Welsh government makes mental health priority

Written by: Greg Lewis | Published:
Image: Adobe Stock

As the mental health of young people comes under a nationwide spotlight, the Welsh government has revealed the wellbeing of pupils will be a key priority for schools.

Health and education chiefs want schools to be at the frontline of delivering an ambitious goal of building “a population of emotionally resilient” and “mentally healthy” children and young people.

Currently work is underway to pilot and shape Donaldson’s vision for the new curriculum in Wales, which will be called Successful Futures and is due to be rolled out from 2022.

But the government is clear that children will not be capable of achieving their full potential unless they are both emotionally literate and have good mental health.

This determination to tackle issues surrounding mental health comes amid a series of reports on the increase in self-harming of young people, a shortage of local services, and expert analysis which in some cases estimates that up to one in 10 young people in the UK have mental health issues.

A recent Panorama special called Kids in Crisis reported on the overstretched Child and Adolescent Mental Health Services (CAMHS). The service which has been a lifeline for a generation of children is now said to be crippled by a lack of funding.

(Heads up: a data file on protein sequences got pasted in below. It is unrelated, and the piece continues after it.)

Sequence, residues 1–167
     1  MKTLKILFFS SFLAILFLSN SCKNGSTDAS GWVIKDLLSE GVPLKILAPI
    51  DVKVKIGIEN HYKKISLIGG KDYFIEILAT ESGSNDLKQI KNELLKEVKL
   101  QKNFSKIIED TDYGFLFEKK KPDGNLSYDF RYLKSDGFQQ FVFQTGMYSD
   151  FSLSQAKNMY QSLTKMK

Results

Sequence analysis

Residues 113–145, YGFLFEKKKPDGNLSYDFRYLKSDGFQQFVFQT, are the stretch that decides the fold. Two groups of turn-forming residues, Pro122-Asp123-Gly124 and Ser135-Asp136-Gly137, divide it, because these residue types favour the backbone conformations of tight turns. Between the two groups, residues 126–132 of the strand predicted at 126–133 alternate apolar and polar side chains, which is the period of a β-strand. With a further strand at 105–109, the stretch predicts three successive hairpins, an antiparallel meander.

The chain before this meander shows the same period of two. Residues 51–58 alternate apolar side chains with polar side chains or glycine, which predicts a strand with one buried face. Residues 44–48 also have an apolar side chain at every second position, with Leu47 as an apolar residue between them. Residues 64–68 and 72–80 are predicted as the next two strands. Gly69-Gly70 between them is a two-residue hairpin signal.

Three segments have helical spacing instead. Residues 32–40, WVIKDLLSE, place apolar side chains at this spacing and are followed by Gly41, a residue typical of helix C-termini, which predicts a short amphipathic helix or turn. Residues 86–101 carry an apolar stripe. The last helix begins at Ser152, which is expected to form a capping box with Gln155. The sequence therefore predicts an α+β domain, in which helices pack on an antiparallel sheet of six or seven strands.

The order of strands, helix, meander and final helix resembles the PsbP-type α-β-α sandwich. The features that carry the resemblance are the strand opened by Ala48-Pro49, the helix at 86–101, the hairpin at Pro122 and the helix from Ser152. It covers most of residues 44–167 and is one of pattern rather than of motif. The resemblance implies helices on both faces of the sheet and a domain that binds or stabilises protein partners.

The Welsh government has set up a Task and Finish Group to work on a “whole-school” approach to ensure that mental health and wellbeing becomes central to the way schools work.

This, the government says, will see schools supporting the broader mental health and wellbeing of learners and for it to be implemented properly may mean training for staff.

The new group will see how different activities already taking place can be brought together; highlight any gaps in provision; and consider how education and health agencies can work more closely together.

The work of the group is in response to and, will be informed by, the report by the National Assembly’s Children, Young People and Education Committee, Mind over Matter, which called for emotional and mental wellbeing and resilience to be a stated national priority and contained recommendations for how this could be taken forward.

Education secretary Kirsty Williams said: “Work is already underway to provide dedicated professional support to schools, but what we’re talking about here is an approach that goes right across the school, connects activities already taking place and identifies where we can go further and faster.

“We want schools to become exemplary in the way they promote mental health and wellbeing and this group is just the beginning of a process that will take us to that point.”

Health and social services secretary Vaughan Gething added: “Schools have a crucial role in identifying problems early, and helping to provide children and young people with the tools to cope with the stresses of growing up.”


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